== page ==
A Long Way Gone: Memoirs of a Boy Soldier A Long Way Gone discussion


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A Long Way Gone, good read

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message 1: by Carol (last edited Aug 25, 2016 11:37AM) (new)

Carol Morgan This is a true story about a young boy who is raised in Sierra Leone and due to the political upheaval of the country became a boy solider, but in the end found his way back home.

I found this book very moving and I have great empathy for the people living in countries like this one. I think it is a good book to read to give you a perspective on our lives in America and what is really going on in the world.


message 2: by Kristine (last edited Aug 25, 2016 11:41AM) (new) - rated it 4 stars

Kristine I'm just about to read the book for my book club next week. I'll post again once I read it!

I wasn't excited about having to read this book until I realized it was about the same country as this freakin AMAZING documentary I just saw on POV about refugees from Sierra Leone. It's called "Refugee All-Stars" and it's about 6 or 7 refugees from S.L. forming a band in the refugee camp in neighboring Guinea.

It's hard to capture what this documentary does in a mere three hours, hard to believe that I could feel so much for these people after such a short time. And, it's not one of those "bawl your eyes out I feel so sorry for these people things" where you leave just feeling BAD. Although I do feel bad, that's not what the story evokes- it evokes the power of the human spirit, the drive to make something positive out of a horrible situation and horrible memories, and the power of music. Not only do they sing for themselves, the U.N. gives them funds to travel to other camps to sing for other refugees.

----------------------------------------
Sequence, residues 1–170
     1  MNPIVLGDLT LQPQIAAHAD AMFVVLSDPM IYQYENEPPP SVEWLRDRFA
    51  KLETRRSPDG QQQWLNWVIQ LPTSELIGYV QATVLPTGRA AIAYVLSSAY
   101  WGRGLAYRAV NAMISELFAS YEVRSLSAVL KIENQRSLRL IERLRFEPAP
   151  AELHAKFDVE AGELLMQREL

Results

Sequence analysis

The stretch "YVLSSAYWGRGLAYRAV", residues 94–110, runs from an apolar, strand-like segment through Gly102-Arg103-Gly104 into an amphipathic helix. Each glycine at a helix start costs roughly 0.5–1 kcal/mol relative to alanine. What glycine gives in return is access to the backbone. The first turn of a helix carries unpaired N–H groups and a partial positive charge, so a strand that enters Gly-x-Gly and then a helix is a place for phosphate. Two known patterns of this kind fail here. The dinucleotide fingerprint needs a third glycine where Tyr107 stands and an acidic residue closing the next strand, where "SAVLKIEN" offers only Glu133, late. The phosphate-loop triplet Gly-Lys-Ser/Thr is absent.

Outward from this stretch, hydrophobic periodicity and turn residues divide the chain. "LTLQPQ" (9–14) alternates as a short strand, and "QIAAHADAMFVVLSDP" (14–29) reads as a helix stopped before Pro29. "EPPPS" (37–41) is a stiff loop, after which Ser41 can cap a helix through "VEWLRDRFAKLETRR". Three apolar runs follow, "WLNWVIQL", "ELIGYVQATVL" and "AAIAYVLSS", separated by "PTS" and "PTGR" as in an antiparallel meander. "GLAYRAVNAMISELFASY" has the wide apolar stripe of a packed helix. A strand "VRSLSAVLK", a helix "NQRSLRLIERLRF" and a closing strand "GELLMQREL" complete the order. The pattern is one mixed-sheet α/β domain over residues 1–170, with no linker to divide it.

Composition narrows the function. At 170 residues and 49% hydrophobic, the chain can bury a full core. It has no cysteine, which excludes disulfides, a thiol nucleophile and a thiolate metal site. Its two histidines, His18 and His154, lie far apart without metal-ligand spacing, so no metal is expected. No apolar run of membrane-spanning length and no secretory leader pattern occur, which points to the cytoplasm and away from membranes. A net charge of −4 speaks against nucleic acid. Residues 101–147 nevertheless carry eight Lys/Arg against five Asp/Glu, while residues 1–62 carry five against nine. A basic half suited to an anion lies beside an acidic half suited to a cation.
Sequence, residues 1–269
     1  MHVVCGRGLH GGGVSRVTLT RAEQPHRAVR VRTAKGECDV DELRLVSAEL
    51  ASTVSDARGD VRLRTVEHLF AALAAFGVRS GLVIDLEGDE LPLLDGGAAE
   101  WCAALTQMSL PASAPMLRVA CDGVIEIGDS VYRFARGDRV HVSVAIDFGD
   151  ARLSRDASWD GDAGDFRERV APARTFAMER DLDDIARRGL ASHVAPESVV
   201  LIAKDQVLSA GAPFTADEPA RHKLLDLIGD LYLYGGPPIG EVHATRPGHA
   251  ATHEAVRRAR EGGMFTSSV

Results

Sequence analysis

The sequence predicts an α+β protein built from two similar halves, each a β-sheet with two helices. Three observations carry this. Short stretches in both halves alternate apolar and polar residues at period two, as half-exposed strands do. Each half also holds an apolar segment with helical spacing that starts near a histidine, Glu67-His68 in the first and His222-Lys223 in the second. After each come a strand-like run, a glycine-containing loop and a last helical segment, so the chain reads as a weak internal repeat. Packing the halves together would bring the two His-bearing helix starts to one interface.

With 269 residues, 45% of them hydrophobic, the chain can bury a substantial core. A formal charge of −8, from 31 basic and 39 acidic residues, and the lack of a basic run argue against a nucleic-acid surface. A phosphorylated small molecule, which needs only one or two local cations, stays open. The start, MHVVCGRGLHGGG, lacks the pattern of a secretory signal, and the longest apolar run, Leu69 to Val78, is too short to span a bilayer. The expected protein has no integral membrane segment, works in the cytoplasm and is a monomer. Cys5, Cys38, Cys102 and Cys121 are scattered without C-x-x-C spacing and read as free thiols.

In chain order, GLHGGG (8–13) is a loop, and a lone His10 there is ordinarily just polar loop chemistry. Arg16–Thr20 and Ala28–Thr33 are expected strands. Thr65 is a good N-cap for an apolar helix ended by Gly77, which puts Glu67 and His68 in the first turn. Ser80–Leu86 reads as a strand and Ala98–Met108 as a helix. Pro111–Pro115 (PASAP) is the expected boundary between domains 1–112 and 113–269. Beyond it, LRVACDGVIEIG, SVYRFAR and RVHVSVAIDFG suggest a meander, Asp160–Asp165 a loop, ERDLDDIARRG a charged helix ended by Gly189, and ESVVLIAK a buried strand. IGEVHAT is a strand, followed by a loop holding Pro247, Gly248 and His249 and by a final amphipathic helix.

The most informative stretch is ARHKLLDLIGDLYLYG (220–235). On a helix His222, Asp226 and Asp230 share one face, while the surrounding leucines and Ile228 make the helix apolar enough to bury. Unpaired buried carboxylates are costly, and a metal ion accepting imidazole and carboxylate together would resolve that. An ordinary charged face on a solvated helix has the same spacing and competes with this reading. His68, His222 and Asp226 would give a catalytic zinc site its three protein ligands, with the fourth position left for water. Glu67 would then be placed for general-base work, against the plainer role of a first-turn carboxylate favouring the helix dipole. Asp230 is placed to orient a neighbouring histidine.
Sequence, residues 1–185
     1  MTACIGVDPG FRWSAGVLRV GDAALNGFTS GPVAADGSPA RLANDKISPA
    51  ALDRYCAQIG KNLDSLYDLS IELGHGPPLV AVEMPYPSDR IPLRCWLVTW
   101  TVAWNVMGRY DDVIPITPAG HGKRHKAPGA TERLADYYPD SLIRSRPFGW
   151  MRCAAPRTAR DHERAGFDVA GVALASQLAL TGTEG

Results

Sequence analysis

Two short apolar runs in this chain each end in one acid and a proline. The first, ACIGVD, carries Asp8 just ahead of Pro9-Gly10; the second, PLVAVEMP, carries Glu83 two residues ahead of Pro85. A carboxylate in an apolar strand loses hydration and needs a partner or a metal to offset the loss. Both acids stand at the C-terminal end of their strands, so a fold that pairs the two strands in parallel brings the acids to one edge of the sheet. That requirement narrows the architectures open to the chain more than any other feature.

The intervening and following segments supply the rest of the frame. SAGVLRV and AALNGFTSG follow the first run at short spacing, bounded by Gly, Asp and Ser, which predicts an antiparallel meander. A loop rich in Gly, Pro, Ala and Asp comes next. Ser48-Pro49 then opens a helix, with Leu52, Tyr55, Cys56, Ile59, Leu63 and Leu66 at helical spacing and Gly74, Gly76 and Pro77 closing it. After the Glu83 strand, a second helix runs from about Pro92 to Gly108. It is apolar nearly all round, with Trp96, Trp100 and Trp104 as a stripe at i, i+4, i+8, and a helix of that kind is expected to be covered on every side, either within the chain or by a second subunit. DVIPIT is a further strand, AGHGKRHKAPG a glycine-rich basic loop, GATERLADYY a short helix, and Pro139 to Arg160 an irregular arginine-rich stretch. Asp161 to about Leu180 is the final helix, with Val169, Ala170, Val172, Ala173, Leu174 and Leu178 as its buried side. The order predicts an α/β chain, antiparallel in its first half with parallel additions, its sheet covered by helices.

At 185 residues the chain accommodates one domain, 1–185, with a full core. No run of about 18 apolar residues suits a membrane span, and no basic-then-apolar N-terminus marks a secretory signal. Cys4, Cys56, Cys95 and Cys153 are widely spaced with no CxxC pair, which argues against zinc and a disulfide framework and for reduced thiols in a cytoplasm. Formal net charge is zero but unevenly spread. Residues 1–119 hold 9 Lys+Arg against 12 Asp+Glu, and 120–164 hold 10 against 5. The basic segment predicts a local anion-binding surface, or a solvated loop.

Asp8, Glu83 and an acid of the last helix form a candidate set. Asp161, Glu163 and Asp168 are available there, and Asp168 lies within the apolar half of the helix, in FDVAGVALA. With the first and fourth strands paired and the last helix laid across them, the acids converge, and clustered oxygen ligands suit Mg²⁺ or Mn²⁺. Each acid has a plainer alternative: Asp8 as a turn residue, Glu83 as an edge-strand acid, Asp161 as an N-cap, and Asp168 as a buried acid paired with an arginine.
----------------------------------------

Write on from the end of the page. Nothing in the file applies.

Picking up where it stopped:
Lots more to say, so I think I'll just post the longer version on my site so my friends can read my long rambling thoughts on the documentary, which you might not want to read! :)


message 3: by Elleonora (last edited Aug 25, 2016 11:47AM) (new) - rated it 3 stars

Elleonora Tambunan Generally I found this book compelling. The writing may not be first-class (despite the author being a literature student and having spoken in many forums), but the message is striking clear. Afterwards I spent several days browsing the internet to find more information on child soldiers issues, and needless to say that to this day -- amidst the measures taken by multi-parties -- not much has been accomplished to solve it.

I have to admit that I am a bit disturbed by the minimum information given by Beah on his days as the child soldier and his struggle to regain his humanity. It is understandable, though -- it's real bad memory.


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